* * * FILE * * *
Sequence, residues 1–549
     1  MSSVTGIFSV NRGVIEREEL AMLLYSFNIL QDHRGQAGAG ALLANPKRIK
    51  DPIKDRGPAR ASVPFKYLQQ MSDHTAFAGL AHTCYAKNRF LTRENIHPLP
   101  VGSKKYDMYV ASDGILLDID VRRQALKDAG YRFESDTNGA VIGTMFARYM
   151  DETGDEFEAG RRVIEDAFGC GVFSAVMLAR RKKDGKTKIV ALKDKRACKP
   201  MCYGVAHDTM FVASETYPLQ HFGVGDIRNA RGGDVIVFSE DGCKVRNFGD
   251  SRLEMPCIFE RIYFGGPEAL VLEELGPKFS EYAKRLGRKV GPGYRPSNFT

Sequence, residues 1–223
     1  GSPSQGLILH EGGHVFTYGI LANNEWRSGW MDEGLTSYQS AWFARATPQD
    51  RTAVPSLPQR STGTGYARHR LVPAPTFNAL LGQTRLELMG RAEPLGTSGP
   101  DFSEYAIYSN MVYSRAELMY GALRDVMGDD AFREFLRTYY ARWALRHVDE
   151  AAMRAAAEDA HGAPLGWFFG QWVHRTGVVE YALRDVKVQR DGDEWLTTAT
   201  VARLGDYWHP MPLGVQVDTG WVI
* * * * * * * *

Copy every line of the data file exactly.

Sequence, residues 1–549
     1  MSSVTGIFSV NRGVIEREEL AMLLYSFNIL QDHRGQAGAG ALLANPKRIK
    51  DPIKDRGPAR ASVPFKYLQQ MSDHTAFAGL AHTCYAKNRF LTRENIHPLP
   101  VGSKKYDMYV ASDGILLDID VRRQALKDAG YRFESDTNGA VIGTMFARYM
   151  DETGDEFEAG RRVIEDAFGC GVFSAVMLAR RKKDGKTKIV ALKDKRACKP
   201  MCYGVAHDTM FVASETYPLQ HFGVGDIRNA RGGDVIVFSE DGCKVRNFGD
   251  SRLEMPCIFE RIYFGGPEAL VLEELGPKFS EYAKRLGRKV GPGYRPSNFT

Sequence, residues 1–223
     1  GSPSQGLILH EGGHVFTYGI LANNEWRSGW MDEGLTSYQS AWFARATPQD
    51  RTAVPSLPQR STGTGYARHR LVPAPTFNAL LGQTRLELMG RAEPLGTSGP
   101  DFSEYAIYSN MVYSRAELMY GALRDVMGDD AFREFLRTYY ARWALRHVDE
   151  AAMRAAAEDA HGAPLGWFFG QWVHRTGVVE YALRDVKVQR DGDEWLTTAT
   201  VARLGDYWHP MPLGVQVDTG WVI